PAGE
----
Abstract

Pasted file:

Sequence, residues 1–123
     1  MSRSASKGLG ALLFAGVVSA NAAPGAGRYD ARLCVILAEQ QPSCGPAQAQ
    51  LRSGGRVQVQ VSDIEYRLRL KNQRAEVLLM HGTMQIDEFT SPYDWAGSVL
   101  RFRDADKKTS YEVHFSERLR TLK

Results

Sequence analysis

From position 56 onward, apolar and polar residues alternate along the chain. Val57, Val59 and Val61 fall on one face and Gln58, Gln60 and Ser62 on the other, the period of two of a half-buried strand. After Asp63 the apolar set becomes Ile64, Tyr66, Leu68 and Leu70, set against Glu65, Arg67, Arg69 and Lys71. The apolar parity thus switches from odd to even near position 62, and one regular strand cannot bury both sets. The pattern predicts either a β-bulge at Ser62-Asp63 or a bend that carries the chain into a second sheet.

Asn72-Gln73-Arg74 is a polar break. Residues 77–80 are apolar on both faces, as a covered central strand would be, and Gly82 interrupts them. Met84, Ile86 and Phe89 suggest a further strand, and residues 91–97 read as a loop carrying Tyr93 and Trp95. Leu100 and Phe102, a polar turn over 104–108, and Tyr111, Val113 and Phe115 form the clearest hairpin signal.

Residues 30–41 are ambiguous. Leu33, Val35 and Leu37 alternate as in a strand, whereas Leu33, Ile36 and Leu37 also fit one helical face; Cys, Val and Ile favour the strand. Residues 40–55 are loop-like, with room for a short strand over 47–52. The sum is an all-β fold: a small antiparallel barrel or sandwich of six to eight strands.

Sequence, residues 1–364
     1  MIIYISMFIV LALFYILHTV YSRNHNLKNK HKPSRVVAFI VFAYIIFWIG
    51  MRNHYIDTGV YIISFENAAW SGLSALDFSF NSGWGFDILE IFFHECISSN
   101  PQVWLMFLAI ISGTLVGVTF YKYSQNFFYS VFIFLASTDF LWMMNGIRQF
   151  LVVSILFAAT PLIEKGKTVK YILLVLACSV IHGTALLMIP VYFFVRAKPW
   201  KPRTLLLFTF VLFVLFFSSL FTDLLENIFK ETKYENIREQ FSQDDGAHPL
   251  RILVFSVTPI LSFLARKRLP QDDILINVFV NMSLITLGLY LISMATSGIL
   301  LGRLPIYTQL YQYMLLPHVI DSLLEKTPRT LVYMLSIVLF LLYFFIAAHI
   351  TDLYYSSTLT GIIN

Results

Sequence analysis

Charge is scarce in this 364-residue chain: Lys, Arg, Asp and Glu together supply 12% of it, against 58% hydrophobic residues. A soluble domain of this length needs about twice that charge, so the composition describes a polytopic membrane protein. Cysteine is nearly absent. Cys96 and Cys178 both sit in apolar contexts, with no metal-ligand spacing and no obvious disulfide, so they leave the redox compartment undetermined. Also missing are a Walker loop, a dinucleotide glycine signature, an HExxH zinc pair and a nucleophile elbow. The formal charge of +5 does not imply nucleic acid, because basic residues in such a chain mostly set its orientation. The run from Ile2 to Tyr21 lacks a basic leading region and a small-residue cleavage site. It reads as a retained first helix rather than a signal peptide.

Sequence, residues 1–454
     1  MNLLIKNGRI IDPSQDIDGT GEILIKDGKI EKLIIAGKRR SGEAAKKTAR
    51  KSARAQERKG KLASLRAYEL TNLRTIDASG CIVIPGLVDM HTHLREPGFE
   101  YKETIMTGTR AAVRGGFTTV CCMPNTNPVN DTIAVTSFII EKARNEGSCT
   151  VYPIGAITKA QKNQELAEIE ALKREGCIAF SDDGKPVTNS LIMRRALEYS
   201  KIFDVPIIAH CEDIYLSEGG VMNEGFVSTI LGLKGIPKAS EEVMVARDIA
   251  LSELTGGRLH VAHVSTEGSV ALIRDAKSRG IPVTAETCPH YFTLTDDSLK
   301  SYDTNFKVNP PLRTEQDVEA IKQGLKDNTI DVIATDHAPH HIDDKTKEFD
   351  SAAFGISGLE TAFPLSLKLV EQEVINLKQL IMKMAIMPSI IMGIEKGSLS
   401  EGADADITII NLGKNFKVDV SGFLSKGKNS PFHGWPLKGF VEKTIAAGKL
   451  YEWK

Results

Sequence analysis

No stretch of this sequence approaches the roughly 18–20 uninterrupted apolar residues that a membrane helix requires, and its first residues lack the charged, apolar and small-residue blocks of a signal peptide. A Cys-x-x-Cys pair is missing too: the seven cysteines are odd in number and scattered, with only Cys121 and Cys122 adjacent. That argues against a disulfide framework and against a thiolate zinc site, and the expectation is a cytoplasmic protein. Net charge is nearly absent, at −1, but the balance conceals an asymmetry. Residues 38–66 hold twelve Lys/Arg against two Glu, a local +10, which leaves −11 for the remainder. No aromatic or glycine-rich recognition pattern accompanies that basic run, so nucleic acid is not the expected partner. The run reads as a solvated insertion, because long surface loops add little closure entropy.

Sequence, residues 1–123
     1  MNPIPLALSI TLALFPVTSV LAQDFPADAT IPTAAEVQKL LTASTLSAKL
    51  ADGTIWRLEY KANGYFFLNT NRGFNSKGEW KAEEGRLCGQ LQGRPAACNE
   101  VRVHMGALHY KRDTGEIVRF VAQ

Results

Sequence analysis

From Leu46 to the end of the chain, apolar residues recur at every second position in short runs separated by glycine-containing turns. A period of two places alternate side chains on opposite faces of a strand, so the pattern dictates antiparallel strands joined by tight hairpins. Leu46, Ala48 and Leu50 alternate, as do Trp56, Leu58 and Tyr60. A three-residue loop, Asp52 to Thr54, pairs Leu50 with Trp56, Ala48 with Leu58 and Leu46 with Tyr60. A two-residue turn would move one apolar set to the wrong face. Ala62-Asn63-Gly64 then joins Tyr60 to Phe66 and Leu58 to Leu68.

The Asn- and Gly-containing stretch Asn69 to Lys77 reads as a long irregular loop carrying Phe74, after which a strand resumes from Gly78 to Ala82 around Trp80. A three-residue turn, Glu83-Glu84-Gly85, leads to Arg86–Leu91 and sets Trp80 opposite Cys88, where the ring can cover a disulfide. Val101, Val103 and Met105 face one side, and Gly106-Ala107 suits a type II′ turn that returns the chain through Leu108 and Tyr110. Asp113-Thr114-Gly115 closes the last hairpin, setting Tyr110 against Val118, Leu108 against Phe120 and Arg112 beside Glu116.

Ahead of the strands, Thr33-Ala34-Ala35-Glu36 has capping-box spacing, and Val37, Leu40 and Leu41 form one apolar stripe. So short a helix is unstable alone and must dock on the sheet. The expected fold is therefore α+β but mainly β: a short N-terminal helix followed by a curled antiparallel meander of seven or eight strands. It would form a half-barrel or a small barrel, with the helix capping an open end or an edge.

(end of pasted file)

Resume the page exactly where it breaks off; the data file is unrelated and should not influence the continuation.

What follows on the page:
Children with fragile X syndrome (FXS) display wide-ranging intellectual and behavioral abilities that affect daily life. We describe the educational setting of students with FXS and assess the relationships between school setting, co-occurring conditions, and functional ability using a national survey sample (n = 982). The majority of students with FXS in this sample have formal individualized education plans, spend part of the day outside regular classrooms, and receive modifications when in a regular classroom. Males with FXS and certain co-occurring conditions (autism, aggression, and self-injurious behavior) are more likely to spend the entire day outside regular classrooms, compared to males without these co-occurring conditions. Students who spend more time in regular classrooms are more likely to perform functional tasks without help.

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